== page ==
JENNINGS, Chief Judge.
In 1984 D'Jer, Inc., an Arkansas corporation, borrowed 4.2 million dollars from Audubon Federal Savings and Loan Association, a Louisiana institution, to build a truck stop at Brinkley, Arkansas. The note was secured by a deed of trust. D'Jer leased the "convenience store" part of the project to the appellant, Coleman's Service Center, Inc., also an Arkansas corporation. D'Jer defaulted on the note, the project was refinanced, and the real property was conveyed and reconveyed several times.
The United States District Court for the Eastern District of Arkansas appointed the appellee, Southern Inns Management, Inc., as the receiver for the project property. In that capacity Southern Inns then dismissed its cause of action against Coleman's in federal court and filed an action for a writ of possession in Monroe County Circuit Court, based on Coleman's alleged nonpayment of rent.
On February 13, 1991, the circuit court entered a "judgment" directing the clerk of the court to issue a writ of possession. The order recites "that plaintiffs have presented prima facie evidence that they are entitled to judgment against defendant in the amount of $143,240.90 with interest...."
On March 22, 1991, Coleman's filed a counterclaim against Southern Inns and the FDIC, and a third-party complaint against Don Dedman, alleging that the counter-defendants and cross-defendant took possession of Coleman's property "without justification or adequate basis." The pleading alleged both breach of contract and slander.
On January 23, 1992, the circuit court dismissed Coleman's counterclaim and third-party complaint based upon lack of subject matter jurisdiction under Ark.R.Civ.Pro. 12(b)(1).
On February 7, 1992, the court entered an order pursuant to Rule 54(b) of the Rules of Civil Procedure finding "that it would be highly prejudicial for the plaintiff [Southern Inns and the FDIC] to proceed to trial and obtain judgment against Coleman's Service Center, Inc. on its cause of action without first having a final adjudication of said Coleman's Service Center, Inc.'s right to assert its counterclaim and third-party complaint." Based on that finding, the court directed "that final judgment be entered as to the counterclaims and third-party complaint of Coleman's Service Center, Inc. as amended pursuant to the above mentioned express determinations by the court."
On February 14, 1992, Coleman's filed a notice of appeal reciting that "it appeals all orders and judgments entered herein." Coleman's subsequently retained its present counsel.
Coleman's now raises four "points to be relied upon" which follow verbatim: 1) This court has no jurisdiction of the subject matter of this case since the dismissal of the issues relating to the D'Jer-Coleman lease from the federal case does not permit refiling of these issues in the state court; 2) The trial court erred in refusing to set aside the judgment rendered in favor of the plaintiffs against the defendants at the September 12, 1991 hearing; 3) The "restructuring" of the original indebtedness to FDIC by Audubon was a novation, an entirely new obligation between different parties; 4) The order of the court finding that the supersedeas bond proffered by defendant Coleman's was not timely filed and did not otherwise comply with the statute is clearly erroneous.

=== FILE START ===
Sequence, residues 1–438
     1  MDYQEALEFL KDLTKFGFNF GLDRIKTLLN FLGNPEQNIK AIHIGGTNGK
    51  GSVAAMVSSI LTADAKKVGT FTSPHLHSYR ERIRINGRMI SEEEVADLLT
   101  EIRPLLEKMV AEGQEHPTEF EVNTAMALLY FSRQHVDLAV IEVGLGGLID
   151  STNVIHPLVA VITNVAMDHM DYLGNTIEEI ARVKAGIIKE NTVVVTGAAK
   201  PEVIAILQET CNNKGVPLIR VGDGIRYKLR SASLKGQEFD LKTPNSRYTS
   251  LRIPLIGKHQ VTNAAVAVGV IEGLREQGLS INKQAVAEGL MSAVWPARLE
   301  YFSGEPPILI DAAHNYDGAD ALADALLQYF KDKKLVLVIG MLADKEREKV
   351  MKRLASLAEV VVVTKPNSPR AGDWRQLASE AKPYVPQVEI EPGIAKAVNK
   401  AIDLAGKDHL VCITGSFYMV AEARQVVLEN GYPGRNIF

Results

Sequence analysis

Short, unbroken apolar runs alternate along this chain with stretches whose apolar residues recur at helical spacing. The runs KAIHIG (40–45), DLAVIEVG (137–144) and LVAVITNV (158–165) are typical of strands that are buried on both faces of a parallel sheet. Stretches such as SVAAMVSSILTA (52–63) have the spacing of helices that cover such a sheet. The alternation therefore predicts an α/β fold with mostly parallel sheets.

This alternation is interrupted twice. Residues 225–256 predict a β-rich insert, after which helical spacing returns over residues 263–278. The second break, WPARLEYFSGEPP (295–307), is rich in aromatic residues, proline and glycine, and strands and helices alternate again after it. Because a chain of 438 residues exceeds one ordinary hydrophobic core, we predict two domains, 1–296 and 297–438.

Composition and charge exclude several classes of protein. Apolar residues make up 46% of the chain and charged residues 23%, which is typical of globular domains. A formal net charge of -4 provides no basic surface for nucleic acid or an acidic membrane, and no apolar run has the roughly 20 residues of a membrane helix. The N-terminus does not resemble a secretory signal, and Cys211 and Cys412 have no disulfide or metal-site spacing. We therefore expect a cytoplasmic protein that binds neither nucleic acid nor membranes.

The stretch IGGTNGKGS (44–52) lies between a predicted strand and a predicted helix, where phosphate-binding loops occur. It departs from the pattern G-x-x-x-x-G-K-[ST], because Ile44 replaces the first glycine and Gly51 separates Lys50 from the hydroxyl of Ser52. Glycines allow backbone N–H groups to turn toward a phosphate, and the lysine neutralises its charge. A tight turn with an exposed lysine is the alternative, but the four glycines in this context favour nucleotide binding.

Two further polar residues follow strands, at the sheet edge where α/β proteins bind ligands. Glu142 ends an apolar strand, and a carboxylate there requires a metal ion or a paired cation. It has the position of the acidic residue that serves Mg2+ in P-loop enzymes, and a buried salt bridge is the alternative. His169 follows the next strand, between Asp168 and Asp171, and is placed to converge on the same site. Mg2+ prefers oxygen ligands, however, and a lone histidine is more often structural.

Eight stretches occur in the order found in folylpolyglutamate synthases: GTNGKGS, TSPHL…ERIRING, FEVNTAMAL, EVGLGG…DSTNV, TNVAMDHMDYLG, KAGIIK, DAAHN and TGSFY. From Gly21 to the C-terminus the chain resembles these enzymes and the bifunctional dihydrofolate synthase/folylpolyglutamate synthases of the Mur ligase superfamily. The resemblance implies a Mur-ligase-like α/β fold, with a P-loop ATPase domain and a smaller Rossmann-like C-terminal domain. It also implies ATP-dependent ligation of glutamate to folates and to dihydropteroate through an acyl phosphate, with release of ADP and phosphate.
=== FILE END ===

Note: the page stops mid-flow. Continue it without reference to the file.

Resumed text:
We note at the outset the appellees' argument that the trial court erred in permitting the appellant to take an interlocutory appeal under Rule 54(b). The trial judge expressly relied on Austin v. First National Bank, 305 Ark. 456, 808 S.W.2d 773 (1991). The subsequent decision by the supreme court in Fisher v. Citizens Bank, 307 Ark. 258, 819 S.W.2d 8 (1991), seems to take a more restrictive approach. In Fisher the court said:
Even so, we cannot say in the case at bar that the trial court's findings are clearly wrong. We therefore conclude that we are not without jurisdiction to hear the appeal.
Whether the issues raised by the appellant are within the scope of the appeal is a different matter. The appellee contends that they are not, and we agree. Under Ark. Code Ann. § 18-60-307 (Supp.1991), an action for unlawful detainer is a two-step process. The statute contemplates that the right to possession will be preliminarily determined and, if appropriate, a writ of possession issued, but that the question of damages will be left for a subsequent hearing. The statute expressly provides that an order directing the issuance of a writ of possession shall not be a "final adjudication of the parties' rights in the action." Ark.Code Ann. § 18-60-307(d)(1). In the case at bar, the parties are in the middle of the primary lawsuit. While the circuit court has directed the issuance of a writ of possession, its orders clearly contemplate a further hearing on the question of damages. A money judgment has not yet been entered.